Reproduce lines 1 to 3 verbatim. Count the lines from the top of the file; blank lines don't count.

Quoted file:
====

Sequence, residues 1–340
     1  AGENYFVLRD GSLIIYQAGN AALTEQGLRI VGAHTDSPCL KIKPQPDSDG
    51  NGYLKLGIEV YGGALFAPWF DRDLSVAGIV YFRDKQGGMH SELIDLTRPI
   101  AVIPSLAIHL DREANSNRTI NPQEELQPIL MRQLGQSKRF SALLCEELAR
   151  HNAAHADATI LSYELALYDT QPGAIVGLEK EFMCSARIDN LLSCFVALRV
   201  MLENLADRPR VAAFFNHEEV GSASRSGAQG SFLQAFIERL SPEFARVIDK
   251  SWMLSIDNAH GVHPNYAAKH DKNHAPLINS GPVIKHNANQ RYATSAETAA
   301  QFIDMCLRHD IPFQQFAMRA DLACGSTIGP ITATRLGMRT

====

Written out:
Sequence, residues 1–340
     1  AGENYFVLRD GSLIIYQAGN AALTEQGLRI VGAHTDSPCL KIKPQPDSDG
    51  NGYLKLGIEV YGGALFAPWF DRDLSVAGIV YFRDKQGGMH SELIDLTRPI